Fortunately, dramatically destroyed in the horrific opening scene, where it snaps and breaks after the death eaters rip through London leaving behind a path of destruction, the now iconic Millennium Bridge was not harmed during filming and you can have fun safely walking on it today

Why You Should Visit:
Ideal link from Tate Modern and Globe Theatre on one side to the St Paul’s Cathedral, conveniently placed if you have a walk between the banks.
A great pedestrian-only bridge to walk on and very picturesque with St Paul’s Cathedral in the background.

Tip:
Wear comfortable shoes. Take an umbrella or a rain-proof jacket, just in case.
Also, note the paintings or stickers that are on the floor of the bridge.

Opening Hours:
Mon-Fri: 10am-6pm; Sat-Sun: 11am-6pm
Sight description based on wikipedia
5
St. Paul's Cathedral

5) St. Paul's Cathedral (must see)

Ludgate Hill, one of three ancient hills in London, has been the site of a place of worship since 604 AD. The present building on the hill is St Paul’s Cathedral, and it is quite rightly one of the most famous of London’s landmarks and the most visited cathedral in the world, after St Peter’s Basilica in Rome.

Between 604 and the Great Fire of 1666, there had been several churches on the hill, and after the last one was destroyed in the Great Fire, Sir Christopher Wren was commissioned to build a new, bigger one. He had to make five different designs of the building before one was finally chosen; work began in 1675 and the cathedral was officially opened in 1711.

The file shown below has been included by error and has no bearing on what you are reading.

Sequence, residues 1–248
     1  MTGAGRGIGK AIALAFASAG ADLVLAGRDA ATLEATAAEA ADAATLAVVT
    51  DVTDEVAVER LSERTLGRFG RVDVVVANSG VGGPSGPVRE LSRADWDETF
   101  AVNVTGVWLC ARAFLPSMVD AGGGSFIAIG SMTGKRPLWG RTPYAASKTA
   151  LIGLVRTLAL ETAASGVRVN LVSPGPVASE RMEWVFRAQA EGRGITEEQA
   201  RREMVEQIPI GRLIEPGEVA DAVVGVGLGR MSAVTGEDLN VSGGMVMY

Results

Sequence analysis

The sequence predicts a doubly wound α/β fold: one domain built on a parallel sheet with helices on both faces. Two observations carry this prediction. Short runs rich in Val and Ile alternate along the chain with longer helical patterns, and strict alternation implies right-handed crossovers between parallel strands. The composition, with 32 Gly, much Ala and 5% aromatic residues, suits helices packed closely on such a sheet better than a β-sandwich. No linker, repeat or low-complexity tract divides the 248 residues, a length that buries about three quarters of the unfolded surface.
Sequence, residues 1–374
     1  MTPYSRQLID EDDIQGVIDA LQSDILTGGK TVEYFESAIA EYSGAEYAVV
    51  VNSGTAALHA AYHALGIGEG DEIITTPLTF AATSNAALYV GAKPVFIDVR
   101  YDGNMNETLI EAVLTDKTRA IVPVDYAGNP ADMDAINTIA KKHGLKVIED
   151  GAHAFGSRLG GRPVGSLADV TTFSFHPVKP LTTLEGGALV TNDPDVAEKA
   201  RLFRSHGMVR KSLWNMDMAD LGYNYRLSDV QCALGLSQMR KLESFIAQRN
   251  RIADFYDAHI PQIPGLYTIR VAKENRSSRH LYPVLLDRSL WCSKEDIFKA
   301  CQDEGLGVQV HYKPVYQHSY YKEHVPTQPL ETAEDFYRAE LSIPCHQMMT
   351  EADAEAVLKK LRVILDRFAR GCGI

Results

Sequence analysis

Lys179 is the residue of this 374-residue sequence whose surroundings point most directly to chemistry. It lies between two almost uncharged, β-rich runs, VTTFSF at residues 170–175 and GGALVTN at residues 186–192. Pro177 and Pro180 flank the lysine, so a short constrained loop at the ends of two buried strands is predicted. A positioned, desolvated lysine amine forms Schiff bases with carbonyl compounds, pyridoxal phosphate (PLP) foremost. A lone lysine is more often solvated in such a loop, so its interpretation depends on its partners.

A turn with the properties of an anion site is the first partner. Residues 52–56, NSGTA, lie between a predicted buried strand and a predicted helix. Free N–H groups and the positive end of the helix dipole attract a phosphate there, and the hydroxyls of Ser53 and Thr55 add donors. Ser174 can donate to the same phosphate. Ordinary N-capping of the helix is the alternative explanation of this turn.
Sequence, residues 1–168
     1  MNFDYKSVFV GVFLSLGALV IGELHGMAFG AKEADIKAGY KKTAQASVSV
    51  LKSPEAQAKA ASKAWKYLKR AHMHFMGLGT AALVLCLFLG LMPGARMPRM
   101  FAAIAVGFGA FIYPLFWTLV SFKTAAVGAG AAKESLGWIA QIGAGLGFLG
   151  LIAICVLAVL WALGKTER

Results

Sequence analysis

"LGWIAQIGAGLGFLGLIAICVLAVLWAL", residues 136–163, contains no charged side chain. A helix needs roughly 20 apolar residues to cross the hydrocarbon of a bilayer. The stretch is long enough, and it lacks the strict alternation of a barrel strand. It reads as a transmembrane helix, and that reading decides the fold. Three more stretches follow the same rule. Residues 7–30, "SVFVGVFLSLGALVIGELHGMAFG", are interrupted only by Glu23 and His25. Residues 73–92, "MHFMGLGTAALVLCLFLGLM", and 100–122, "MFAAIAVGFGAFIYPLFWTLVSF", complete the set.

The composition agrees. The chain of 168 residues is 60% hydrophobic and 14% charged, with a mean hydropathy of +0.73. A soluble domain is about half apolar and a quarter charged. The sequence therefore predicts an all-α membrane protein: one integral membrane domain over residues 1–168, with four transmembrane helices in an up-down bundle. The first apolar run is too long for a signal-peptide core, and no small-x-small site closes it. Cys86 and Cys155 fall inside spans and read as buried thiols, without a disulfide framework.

The interior of the cathedral is very beautiful with the inner dome painted with 8 monochromes by Sir James Thornhill, depicting the life of St Paul. The inner dome holds three galleries: the internal Whispering Gallery takes its name from the unique acoustics – a whisper against the wall on one side of the gallery can be heard on the other side. Above this is the external Stone Gallery and above that is the external Golden Gallery.

In the Nave there are three chapels: on the North aisle are the All Souls Chapel and the St Dunstan’s Chapel; on the South aisle is St George and St Michael Chapel. The Knights Bachelor Chapel and the OBE Chapel are to be found in the crypt.

The tombs of Lord Nelson, the Duke of Wellington and Sir Christopher Wren are also in the crypt, along with tombs and memorials to many others who have made a great contribution to the nation, including artist and musicians. Sir Winston Churchill’s funeral was held here, and of course, the marriage of Prince Charles to Lady Diana was celebrated in the cathedral.